But you have come to Mount Zion and to the city of the living God, the heavenly Jerusalem, and to innumerable angels in festal gathering, and to the assembly of the firstborn who are enrolled in heaven, and to God, the judge of all, and to the spirits of the righteous made perfect, and to Jesus, the mediator of a new covenant, and to the sprinkled blood that speaks a better word than the blood of Abel.

Here we find groups of people we could categorize as angels, Israel (“the spirits of the righteous made perfect”), and sinners in general.

Revelation 5:8-11 also give us a vision into the worship of heaven:

And when he had taken the scroll, the four living creatures and the twenty-four elders fell down before the Lamb, each holding a harp, and golden bowls full of incense, which are the prayers of the saints. And they sang a new song, saying, “Worthy are you to take the scroll and to open its seals, for you were slain, and by your blood you ransomed people for God from every tribe and language and people and nation, and you have made them a kingdom and priests to our God, and they shall reign on the earth.”

Then I looked, and I heard around the throne and the living creatures and the elders the voice of many angels, numbering myriads of myriads and thousands of thousands, saying with a loud voice, “Worthy is the Lamb who was slain, to receive power and wealth and wisdom and might and honor and glory and blessing!”

And I heard every creature in heaven and on earth and under the earth and in the sea, and all that is in them, saying, “To him who sits on the throne and to the Lamb be blessing and honor and glory and might forever and ever!”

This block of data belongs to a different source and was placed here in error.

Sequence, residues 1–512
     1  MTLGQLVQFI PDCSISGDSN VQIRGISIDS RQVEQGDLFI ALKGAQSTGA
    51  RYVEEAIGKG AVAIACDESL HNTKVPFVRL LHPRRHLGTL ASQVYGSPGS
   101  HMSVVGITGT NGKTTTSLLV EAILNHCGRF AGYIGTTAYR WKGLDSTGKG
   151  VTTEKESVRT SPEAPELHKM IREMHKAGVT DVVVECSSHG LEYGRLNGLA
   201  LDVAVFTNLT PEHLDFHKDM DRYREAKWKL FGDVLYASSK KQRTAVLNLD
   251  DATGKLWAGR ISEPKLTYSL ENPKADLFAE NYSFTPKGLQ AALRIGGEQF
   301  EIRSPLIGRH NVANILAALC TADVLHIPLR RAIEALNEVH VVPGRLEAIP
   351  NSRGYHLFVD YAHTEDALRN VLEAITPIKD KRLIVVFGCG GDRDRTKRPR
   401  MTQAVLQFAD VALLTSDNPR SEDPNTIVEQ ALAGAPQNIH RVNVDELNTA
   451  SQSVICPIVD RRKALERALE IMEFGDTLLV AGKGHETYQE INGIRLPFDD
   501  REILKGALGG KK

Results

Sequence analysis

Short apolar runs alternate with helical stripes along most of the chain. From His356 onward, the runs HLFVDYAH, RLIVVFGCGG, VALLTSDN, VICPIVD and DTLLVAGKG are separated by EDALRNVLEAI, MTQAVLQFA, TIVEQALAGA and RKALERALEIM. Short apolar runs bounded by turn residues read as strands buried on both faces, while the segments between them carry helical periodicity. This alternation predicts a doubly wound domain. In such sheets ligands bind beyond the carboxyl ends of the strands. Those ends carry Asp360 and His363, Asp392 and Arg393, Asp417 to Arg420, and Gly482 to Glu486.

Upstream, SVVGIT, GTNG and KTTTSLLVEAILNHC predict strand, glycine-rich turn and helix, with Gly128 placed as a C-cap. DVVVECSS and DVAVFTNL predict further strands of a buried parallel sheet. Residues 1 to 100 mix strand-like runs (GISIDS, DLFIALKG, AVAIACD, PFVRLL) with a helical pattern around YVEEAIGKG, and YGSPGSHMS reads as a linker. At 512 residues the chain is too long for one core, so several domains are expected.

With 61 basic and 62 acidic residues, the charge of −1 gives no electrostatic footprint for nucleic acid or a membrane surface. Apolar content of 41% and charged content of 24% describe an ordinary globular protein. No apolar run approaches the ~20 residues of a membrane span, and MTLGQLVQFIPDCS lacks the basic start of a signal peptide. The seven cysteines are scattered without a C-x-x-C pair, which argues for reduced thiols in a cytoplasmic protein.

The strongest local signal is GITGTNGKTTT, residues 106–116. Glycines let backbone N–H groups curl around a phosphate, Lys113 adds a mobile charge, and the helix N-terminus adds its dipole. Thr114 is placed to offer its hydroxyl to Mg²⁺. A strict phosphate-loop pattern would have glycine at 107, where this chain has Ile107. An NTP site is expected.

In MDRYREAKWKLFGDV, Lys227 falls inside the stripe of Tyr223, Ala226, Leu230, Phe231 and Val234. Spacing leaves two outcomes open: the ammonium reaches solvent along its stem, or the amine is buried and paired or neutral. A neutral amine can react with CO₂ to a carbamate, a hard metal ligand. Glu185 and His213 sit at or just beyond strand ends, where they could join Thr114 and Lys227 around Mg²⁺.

And the four living creatures said, “Amen!” and the elders fell down and worshiped.

Here again we see included among the host of worshipers in heaven angels, Israel (“twenty-four elders”), sinners (“ransomed people”), and every kindred and tribe.

Thus in the first four stanzas, Perronet is alluding to beings who are praising Jesus’ name in heaven. ((And, likely, in the future.)) It is not until the final stanza that he changes the perspective to us:

O that with yonder sacred throng
we at His feet may fall!
We’ll join the everlasting song,
and crown Him Lord of all.

After four stanzas of calling the various residents of heaven to praise Jesus’ name, Perronet cries out with a longing that one day we, that is, the church, will also join that throng.

In other words, regardless if you are a dispensationalist or a covenantalist, “Israel’s race” in stanza two is not directed to us. It is a call for literal Israel to praise Jesus’ name along with angels, all sinners, every kindred, and every tribe.

Thus dispensationalists should have no cause to change the line, and non-dispensationalists should not equate “use” with “Israel’s race,” even though their theology allows for it.

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Posted in Essays
3 comments on “Who is Israel’s race?
  1. Bob Smith says:

    Scott:

    Thanks for posting. I”m not sure these days if we”d ever follow through to read the Artistic Theologian as we might like to if our attention weren”t called to these excellent articles via email..

    (Last paragraph: “This Dispensationalists”…should be plural,right?) Bob

  2. Scott Aniol says:

    Thanks!

  3. Jim Stiekes says:

    Why couldn”t the author be referring to Paul”s teaching thgat all who accept Christ are the seed of Abraham? Gal. 3: 29